Editorial: Credit due to iwi leaders

Maori leaders deserve credit for their part in the resolution of an industrial dispute which was beginning to have serious consequences.

The stoush between the New Zealand Meat Workers Union and meat processor Affco over pay and conditions for 1000 union workers in eight plants appears over.

After 40 hours of exhausting talks the parties settled on a new collective agreement early yesterday, ending a bitter 12-week standoff. The deal still needs to be ratified by meatworkers but parties appear confident the agreement will stick.

Maori leaders must be congratulated for their work behind the scenes in helping broker a deal to relieve the hardship of their people, who make up 75 per cent of the union membership at the affected plants.

The first lockout at Horotiu's Affco plant in more than 40 years has been an ugly affair; while union members went on strike those on individual contracts remained. It has been a bruising emotional journey which has pitted friends and even family members against each other.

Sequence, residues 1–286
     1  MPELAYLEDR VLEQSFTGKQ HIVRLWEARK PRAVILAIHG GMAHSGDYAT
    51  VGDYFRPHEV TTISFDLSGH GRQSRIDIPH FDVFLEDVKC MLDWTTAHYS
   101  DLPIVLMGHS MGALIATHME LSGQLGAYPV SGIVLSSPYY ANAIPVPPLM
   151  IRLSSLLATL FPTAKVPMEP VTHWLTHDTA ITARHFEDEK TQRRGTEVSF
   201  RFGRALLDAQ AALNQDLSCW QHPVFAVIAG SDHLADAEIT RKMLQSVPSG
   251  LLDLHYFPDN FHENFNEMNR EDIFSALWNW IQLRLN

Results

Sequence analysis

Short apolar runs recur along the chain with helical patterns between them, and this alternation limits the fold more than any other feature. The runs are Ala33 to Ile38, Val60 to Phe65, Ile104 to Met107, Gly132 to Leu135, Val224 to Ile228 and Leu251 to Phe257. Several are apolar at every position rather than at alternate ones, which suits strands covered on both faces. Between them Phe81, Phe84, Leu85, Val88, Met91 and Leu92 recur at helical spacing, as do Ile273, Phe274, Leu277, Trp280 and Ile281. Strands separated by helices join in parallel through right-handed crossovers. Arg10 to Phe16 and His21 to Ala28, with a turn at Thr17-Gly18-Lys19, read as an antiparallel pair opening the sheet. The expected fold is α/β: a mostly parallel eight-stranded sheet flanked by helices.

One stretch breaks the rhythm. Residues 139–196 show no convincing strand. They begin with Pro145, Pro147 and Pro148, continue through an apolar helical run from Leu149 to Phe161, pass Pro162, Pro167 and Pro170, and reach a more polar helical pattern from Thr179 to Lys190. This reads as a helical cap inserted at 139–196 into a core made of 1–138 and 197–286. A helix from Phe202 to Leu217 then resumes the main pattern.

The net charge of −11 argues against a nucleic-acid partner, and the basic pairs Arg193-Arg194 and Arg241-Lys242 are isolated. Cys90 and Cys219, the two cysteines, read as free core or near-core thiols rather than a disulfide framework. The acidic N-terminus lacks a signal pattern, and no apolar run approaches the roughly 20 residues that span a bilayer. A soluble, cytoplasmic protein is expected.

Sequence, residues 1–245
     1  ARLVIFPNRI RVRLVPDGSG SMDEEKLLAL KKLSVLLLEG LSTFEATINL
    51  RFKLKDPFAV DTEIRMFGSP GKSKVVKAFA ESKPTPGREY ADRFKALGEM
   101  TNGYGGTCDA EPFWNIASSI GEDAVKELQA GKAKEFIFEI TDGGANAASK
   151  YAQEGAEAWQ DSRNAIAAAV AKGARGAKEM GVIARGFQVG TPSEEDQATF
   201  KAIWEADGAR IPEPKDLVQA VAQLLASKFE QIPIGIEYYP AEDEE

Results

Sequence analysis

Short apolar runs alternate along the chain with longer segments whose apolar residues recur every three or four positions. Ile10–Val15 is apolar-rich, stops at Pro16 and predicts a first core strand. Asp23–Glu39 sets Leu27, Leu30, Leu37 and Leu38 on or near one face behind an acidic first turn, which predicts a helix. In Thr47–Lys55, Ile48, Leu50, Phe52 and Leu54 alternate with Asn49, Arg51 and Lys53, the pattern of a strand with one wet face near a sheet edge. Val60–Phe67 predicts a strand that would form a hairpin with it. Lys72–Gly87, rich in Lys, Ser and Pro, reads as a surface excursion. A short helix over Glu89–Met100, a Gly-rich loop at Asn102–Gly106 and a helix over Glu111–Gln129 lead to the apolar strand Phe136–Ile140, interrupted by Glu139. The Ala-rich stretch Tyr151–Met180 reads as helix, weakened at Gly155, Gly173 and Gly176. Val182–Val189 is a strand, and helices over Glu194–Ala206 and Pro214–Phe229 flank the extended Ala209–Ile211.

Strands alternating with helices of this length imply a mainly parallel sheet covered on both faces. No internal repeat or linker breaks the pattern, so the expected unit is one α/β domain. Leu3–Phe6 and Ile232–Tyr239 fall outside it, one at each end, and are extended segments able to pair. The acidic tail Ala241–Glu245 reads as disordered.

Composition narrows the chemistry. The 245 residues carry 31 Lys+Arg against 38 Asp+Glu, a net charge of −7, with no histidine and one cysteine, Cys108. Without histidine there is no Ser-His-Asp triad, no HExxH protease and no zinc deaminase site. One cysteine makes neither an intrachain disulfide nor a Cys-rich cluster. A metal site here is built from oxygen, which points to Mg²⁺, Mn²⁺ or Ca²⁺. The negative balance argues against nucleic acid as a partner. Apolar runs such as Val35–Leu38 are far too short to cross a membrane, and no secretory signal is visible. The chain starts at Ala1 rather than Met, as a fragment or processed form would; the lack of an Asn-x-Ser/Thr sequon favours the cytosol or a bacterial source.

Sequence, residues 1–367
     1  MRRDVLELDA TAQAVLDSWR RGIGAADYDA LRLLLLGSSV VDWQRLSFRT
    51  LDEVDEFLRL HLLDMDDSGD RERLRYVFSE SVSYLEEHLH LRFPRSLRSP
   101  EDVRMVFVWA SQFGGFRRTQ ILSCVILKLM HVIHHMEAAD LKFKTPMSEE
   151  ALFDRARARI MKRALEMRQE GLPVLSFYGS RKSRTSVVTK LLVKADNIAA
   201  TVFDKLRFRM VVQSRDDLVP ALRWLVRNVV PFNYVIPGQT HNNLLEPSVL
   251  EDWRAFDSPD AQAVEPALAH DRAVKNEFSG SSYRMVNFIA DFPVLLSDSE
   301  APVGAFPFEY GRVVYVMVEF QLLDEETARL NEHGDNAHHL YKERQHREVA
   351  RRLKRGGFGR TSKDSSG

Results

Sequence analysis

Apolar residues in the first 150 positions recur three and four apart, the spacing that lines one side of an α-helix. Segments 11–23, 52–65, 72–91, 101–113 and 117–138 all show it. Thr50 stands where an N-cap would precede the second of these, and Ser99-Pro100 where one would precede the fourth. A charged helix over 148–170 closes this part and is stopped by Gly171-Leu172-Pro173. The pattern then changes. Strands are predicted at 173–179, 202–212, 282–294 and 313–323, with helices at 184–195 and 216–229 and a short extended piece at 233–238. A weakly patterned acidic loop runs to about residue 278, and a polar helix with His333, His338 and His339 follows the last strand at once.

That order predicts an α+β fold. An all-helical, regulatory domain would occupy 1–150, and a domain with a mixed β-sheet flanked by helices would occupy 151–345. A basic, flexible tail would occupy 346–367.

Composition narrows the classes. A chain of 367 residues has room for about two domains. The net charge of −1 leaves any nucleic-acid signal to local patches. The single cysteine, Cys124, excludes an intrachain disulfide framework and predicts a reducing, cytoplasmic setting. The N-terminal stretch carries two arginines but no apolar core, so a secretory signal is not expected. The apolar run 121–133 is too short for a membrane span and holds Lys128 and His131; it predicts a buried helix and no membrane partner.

The financial hardship for striking workers has seen them needing assistance from Work and Income, the union and Tainui.

The strain culminated in Waikato-Tainui executive board chairman Tom Roa last week calling on the Talley family and Affco management to recognise the potential for a devastating impact on the social fabric of Ngaruawahia.

The influence from Maori leaders has been a shared effort across the three iwi groups representing regions near where Affco plants are located.

Former Tainui boss Tuku Morgan, Ngapuhi chairman Sonny Tau and Whanganui activist Ken Mair have been credited for their part while Maori Party co-leader Pita Sharples and Ngati Kahungunu chairman Ngahiwi Tomoana have also been involved.

Given the rift between union and non-union members there is still likely to be some tension as the meatworkers go back to work over the coming weeks. It will take time for wounds to heal and trust to be regained and one hopes the agreement between Affco and meatworkers is sturdy enough to avoid any repeat.

Waikato Times